Block: Jump ship? Into what ocean? As always, abandoning players means you've got someone on the waiver wire at least comparable. You're not finding it unless your league-mates are clueless or your league is shallower than Rob Schneider's movie plots. Terrell Owens is having his best fantasy year of the past four. He's behind only in Roddy White in fantasy points at the wide receiver position. Chad Ochocinco has scored twice in the past two games and three times in the past five. Since you're unlikely to garner a trade anyway, continue playing him, as this team is the eighth-rated passing offense. That means much like Brett Favre, you're playing Carson Palmer until his arm falls off. As for Cedric Benson, he's ninth in total carries with 192. He has 747 yards, good for 13th in the league, which is ahead of Ray Rice in terms of yards. He has 19 receptions, which puts him on pace to beat his career high of 20 back in 2008. You likely drafted him in the second round, and he's almost given you the same value as the aforementioned Rice so far. The biggest drawback for Benson thus far is his four TDs, but every fantasy player knows you can never predict that. You can only look for opportunity, and he has no shared backfield, making him a rarity these days in the NFL.

Counter-block: While I'm the first in line to exploit bad teams for their talent (I'm looking at you, Houston), let's be real. Cincinnati is a pass-first, pass-second, run-third team. The Bengals have four rushing TDs and less total yardage than Arian Foster. So Week 11 was likely a high-water mark for Benson (does he get credit for two TDs since his fumble created one for Buffalo?). As for the passing game, it's centered around Carson Palmer, whose health and decision making has been questionable this season. In his last three games Palmer has as many TDs as INTs (6) and three times this year has put up more INTs than TDs. Their season is over, and the Bengals might start giving some snaps to younger brother Jordan Palmer, or worse, shut down the elder Palmer for the rest of the season. Either way, the receiving corps' value could take a huge hit, and with knuckleheads like T.O. and Ochocinco, any kind of unrest would turn into a full-fledged riot.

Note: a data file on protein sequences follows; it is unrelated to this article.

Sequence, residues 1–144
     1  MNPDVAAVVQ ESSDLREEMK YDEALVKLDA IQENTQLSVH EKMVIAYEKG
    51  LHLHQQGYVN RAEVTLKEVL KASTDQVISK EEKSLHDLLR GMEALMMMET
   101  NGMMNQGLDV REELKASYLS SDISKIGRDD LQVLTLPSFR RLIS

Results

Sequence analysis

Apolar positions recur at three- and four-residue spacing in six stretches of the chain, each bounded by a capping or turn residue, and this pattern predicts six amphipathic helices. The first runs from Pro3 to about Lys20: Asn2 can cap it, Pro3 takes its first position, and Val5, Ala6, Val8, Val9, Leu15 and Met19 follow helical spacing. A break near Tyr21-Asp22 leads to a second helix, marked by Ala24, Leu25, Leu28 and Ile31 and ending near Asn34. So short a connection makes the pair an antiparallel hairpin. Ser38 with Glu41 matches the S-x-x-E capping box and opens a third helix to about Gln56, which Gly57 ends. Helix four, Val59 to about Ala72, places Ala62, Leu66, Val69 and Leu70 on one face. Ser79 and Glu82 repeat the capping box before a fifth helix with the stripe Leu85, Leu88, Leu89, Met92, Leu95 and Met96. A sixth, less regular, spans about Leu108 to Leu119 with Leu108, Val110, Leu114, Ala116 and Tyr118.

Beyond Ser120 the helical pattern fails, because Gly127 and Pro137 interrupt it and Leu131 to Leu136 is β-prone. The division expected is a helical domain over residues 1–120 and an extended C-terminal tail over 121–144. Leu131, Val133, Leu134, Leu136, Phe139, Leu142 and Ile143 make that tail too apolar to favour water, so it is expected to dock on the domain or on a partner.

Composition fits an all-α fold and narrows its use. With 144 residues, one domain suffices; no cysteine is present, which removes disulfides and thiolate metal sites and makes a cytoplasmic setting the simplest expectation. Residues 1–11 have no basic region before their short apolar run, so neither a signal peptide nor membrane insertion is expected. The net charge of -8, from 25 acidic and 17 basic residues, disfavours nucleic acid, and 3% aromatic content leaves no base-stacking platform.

Clearing the pile: Until Carson Palmer is pulled, the playing-from-behind Bengals will provide good value at quarterback, wide receiver and tight end. You knew what you were getting from Benson -- unfortunately you're not getting anything better.

Jon Phillips is the 2008 Champion of the Columbus Dispatch National Fantasy Football Contest "Rate the Experts" and has written for Talented Mr. Roto, and He also hosted Rotoexperts flagship radio show "Xperts Edge" as well as "The Think Tank" with Scott Engel. Dave Young has written weekly fantasy sports columns for Sports Illustrated, ESPN, Talented Mr. Roto, and other sites he can't remember. Called the "Laverne and Shirley of Fantasy Football," catch them both on "Just A Bit Outside" on, Wednesdays, 10:30 pm Eastern (7:30 am Pacific), and read their column, "Line of Scrimmage" weekly on E-mail Jon at or Dave at for subjects you'd like to see debated on "Line of Scrimmage."